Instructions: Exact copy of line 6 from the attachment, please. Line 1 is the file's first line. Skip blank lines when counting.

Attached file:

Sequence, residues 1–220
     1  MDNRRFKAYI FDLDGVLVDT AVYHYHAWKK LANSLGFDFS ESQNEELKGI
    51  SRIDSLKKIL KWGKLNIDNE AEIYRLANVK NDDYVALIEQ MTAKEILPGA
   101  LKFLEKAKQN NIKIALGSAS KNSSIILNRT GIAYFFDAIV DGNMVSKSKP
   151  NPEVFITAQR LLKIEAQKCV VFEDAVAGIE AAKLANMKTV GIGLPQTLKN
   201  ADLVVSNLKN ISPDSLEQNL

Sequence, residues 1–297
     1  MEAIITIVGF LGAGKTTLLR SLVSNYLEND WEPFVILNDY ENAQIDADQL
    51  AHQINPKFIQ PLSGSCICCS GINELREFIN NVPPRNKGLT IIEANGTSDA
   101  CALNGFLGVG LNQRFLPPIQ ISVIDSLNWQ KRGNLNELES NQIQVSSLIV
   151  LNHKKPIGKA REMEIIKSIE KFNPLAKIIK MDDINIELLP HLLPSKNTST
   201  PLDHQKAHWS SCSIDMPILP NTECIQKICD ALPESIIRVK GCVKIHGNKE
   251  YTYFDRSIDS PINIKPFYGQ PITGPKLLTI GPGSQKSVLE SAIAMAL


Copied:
   201  ADLVVSNLKN ISPDSLEQNL